It’s tough to write too much more, because it would give away too much. Suffice it to say that Dunning goes into a full psychological thriller, and while the pay-off is a bit weak (if you can’t figure out who killed the woman in the park pretty quickly, you’re not paying very good attention), how he gets there is pretty interesting. The book veers into the fantastical, but Dunning keeps it grounded, helped by Kennedy’s workmanlike art. Dunning wants to write a thriller without a protagonist, really, and that’s what makes the book so odd yet fascinating. Throughout the comic, Adam’s friend talks about 1980s action movies and the theme of man vs. nature or man vs. technology, and of course there’s always a man at the center of it all. Yet Adam is very much a beta male, and that’s okay, because Dunning is upending the idea that a thriller needs a protagonist, whether it’s a man or a woman. Adam does some things that actively assist the plot along, but he’s also very passive, becoming a hero simply by not screwing up his relationship with Leila when there are plenty of reasons to do so. Leila, meanwhile, is also not the hero, although for different reasons, and while she also needs to be more active in the resolution of the plot, for the most part she too is a passive participant. It’s not that the book is boring – it’s not, because the plot, while somewhat ridiculous, is compelling – it’s that, like most people, Adam and Leila aren’t completely in charge of their lives. In most thrillers, that’s true at the beginning, but the plot turns when the protagonist takes control of his or her life. In Tumult, both characters make moves that way, but only as far as we can realistically think they’re going to go. Dunning recognizes the limits of individual power, and it’s interesting how he manages to finish the plot relatively satisfactorily while still working within these restrictions.

Kennedy does help, although his art is not flashy. There’s not a lot of action in Tumult, which is probably a good thing, because Kennedy’s figures don’t have that fluidity that the best action artists use, and I imagine he wouldn’t be good at those sorts of scenes. He draws the characters very well, as he gives them a kind of disconnected air, which is part of the theme of the book – Adam feels disconnected from his life, which is why he ends his relationship, and then he feels disconnected from Leila for different reasons, while Leila has her own reasons for feeling disconnected. He does some nice work with extreme close-ups, creating claustrophobia even in wide-open spaces, which is another nod to the way Leila lives her life. At a few points, he draws the comic like a cartoon book from the 1940s or 1950s, and it’s a very well-done pastiche (there’s a reason he does it, too, but I’m not sharing why). His intense colors add a layer of surreality to the book, which also fits into the weirdness of the plot. I don’t love the artwork, but it fits the story fairly well. Kennedy hasn’t been working in comics too long, so it’s not surprising this is a bit raw, but there’s a lot he does right, which is nice.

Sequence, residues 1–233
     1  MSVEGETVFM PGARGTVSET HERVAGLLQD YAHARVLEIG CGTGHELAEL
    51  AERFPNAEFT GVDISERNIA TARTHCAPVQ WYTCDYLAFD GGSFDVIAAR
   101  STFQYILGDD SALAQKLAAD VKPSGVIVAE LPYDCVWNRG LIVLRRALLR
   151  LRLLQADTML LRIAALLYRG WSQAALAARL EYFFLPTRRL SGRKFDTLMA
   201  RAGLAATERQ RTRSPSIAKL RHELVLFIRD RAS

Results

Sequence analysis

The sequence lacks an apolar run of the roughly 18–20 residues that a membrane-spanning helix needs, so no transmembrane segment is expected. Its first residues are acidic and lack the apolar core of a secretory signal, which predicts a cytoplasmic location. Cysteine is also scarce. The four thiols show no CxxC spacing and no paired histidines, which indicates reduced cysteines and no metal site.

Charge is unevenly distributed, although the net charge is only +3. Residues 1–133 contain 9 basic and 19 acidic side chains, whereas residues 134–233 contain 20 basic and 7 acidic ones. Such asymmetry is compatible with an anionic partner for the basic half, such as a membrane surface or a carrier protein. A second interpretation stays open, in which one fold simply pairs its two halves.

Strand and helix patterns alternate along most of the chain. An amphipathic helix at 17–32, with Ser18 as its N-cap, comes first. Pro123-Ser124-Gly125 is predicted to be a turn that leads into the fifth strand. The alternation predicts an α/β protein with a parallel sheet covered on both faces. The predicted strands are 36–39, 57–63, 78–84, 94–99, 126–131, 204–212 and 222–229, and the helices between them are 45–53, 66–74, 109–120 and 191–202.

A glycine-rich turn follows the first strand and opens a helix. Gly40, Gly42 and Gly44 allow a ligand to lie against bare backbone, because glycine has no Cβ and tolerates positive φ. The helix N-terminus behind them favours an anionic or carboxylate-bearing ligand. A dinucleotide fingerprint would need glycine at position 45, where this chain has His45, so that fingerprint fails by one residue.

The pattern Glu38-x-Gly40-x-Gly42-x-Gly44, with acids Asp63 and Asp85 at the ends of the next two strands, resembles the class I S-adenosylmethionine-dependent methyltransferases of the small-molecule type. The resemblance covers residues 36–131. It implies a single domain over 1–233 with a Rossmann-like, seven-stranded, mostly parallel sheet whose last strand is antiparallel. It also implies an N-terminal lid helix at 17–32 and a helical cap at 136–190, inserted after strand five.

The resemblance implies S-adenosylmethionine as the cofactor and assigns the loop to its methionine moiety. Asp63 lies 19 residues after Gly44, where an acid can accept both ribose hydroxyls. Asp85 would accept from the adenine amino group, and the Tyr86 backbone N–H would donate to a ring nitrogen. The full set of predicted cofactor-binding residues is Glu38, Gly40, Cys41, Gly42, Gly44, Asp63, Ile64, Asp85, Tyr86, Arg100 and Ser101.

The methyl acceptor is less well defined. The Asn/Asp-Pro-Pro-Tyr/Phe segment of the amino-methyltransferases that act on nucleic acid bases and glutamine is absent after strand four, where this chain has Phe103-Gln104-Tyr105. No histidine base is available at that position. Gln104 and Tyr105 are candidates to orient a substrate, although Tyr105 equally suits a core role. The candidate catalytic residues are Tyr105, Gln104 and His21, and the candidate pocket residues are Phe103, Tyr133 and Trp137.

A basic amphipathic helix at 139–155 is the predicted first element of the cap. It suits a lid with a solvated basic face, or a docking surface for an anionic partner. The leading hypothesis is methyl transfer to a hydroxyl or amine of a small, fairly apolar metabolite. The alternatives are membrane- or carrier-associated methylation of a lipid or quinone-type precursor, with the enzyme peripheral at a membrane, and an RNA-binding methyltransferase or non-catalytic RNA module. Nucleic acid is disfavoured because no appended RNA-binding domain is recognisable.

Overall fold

Tumult is a decent comic, but not a great one. It keeps you interested, and while the resolution of the plot doesn’t work as well as it could, getting there is a pretty weird journey. Dunning uses the tropes of a standard thriller to get into some more fascinating areas, and he keeps you on your toes throughout, because it’s never clear what exactly the main characters are going to do, partly because they’re just regular people and don’t have much experience with, you know, shadowy forces of evil. It’s not really like anything I’ve read in a while, which is certainly a good thing!

Rating: ★ ★ ★ ★ ★ ★ ½ ☆ ☆ ☆

Leave a Reply

This site uses Akismet to reduce spam. Learn how your comment data is processed.